“Is that,” my mother started. No, no it couldn’t be. It couldn’t be what I had hoped and prayed it was. I cupped my hands, hoping to catch some of the floating specks and prove to myself once and for all that miracles like these did not exist. I expected to feel little smithereens of dust fall into my hands. Instead, small, white chunks melted into the palms of my hands.

            My chest tightened and the breath was knocked out me. When I tried to inhale, all that would come out was a hissing noise from between my teeth. It was like a bolt of lightening had struck me, traveling up my spine and sending shivers back down. It couldn’t have been more than 60-some-degrees outside, but I was suddenly freezing. I felt the many long-lost winters come back to me, like ghosts to their graves. I felt sticky maple sap between my fingers once again, and the keen taste of cinnamon on my tongue. I recognized the fact that I had not forgotten; that Montreal was still very much with me, and that I had brought it here.

            It was then I realized what “home” really means. It isn’t the roof over our heads, or the fence around our yard. It isn’t the side of the bed we wake up on, nor the mirror we look into. It’s what we see in the mirror; what we hold in our minds as we look at our reflection. “Home” was the feeling I’d get when I came home to the smell of baking bread. “Home” was the warm, spreading ache I’d feel when I laughed too hard; the smile my parents would give me when I did well in school. It was the sound of opera music from my grandfather’s basement, and the weight of his hands on my small shoulders. “Home” was what I saw in the pink, wrinkled face of my brother when he was born. It was what Cinderella felt when her glass slipper fit perfectly; the reason Peter Pan couldn’t bring himself to leave Neverland.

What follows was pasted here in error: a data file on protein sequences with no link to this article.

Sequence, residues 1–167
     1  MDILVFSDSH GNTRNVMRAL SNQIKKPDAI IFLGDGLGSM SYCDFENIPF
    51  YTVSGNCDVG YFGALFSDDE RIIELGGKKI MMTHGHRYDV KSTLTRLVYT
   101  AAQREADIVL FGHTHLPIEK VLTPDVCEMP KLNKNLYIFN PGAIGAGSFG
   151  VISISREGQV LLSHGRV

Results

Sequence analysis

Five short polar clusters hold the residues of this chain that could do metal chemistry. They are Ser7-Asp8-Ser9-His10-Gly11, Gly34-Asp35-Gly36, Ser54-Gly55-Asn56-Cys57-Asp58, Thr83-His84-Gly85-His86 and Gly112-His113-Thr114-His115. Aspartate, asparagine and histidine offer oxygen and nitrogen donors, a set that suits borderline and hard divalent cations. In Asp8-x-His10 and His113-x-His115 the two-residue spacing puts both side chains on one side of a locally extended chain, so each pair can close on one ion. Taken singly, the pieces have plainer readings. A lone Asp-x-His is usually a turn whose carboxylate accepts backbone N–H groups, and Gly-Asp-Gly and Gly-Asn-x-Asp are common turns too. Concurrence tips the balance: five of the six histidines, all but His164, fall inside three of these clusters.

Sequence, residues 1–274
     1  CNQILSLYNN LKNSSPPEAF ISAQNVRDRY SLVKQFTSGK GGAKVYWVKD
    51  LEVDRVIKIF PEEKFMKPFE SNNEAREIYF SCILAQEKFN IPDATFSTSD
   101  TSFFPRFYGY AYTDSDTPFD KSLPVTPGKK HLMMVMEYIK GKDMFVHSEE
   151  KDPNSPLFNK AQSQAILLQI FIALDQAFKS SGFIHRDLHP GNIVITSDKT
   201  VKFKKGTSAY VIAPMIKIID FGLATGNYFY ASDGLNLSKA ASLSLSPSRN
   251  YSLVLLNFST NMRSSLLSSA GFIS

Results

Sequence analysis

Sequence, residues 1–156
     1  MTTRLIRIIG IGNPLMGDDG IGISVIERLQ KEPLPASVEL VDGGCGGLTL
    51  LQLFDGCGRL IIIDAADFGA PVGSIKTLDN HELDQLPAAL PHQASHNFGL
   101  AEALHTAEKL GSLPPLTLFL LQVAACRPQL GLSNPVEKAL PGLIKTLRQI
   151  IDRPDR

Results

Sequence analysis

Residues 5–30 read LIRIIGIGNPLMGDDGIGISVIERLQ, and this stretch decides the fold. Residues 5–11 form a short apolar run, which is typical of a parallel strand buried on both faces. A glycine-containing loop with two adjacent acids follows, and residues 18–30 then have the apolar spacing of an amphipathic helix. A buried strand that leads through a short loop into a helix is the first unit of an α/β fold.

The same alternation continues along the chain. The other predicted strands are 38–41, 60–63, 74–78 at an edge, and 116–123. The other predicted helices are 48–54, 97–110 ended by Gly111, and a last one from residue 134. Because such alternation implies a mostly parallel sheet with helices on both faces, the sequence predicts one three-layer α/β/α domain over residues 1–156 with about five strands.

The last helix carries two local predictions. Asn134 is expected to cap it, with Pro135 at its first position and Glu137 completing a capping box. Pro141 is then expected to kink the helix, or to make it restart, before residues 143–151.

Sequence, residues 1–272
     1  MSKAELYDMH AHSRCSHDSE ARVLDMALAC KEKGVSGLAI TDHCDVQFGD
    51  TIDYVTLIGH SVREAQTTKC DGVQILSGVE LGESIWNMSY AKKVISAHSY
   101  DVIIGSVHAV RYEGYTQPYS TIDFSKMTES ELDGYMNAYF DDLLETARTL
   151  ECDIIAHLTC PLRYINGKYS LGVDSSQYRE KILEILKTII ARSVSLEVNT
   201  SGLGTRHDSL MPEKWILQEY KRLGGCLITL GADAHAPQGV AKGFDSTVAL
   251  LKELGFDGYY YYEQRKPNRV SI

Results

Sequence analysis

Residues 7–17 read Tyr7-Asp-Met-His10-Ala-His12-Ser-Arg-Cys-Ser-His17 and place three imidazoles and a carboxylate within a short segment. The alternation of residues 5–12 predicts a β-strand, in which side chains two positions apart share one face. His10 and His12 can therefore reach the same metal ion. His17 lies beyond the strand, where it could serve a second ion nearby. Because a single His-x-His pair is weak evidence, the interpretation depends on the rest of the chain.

So I stood in the middle of the street, in awe, in shock; in marvel; filled with an overwhelming astonishment, a childish glee.

“It’s snowing,” I whispered. “It’s snowing!” I began to shout. “It’s snowing! Everyone! It’s snowing!”

As I saw our neighbors rush to their windows and come outside, I finally understood that “home” isn’t about where you are in the world, but what you bring to it.

It snowed every year after that. Not much, of course, but significant enough to make the news. Every year, I remember; and every year, whether it is true or not, I like to think that I brought snow to Houston.

And so thanks to that last Christmas, I wasn’t afraid of the unknown that waited for us out West. By the time we were on the plane, I had looked out the window into the sky, where I knew the southern haze would eventually drift off once the sun rose again.

© 2013 Sage


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Added on December 18, 2013
Last Updated on December 18, 2013
Tags: autobiographical narrative, short story, story, short, brief, Texas, Montreal, The South, moving, childhood, Christmas, snow, dust, snowflakes, stories about hardship

Author

Sage
Sage

San Francisco, CA



About
I am 17 years young; a Junior in high school in San Francisco, CA. I was born in Montreal, and have since the age of four been living elsewhere in the U.S. I would love to someday be a writer and/or a.. more..